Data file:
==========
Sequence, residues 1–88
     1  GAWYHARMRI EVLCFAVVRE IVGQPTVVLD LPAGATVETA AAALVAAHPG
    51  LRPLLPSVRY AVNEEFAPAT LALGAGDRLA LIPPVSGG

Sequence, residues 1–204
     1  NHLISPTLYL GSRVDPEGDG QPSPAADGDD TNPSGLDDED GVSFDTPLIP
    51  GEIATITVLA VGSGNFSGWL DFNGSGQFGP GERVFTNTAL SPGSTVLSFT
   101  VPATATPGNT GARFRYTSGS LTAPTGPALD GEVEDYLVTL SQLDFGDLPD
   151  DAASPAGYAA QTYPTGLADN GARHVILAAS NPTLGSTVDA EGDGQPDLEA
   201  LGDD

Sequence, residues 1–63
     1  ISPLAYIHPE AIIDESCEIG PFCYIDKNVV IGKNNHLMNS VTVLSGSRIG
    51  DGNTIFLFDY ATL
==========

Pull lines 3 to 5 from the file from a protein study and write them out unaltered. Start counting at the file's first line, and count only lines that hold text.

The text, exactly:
    51  LRPLLPSVRY AVNEEFAPAT LALGAGDRLA LIPPVSGG

Sequence, residues 1–204
     1  NHLISPTLYL GSRVDPEGDG QPSPAADGDD TNPSGLDDED GVSFDTPLIP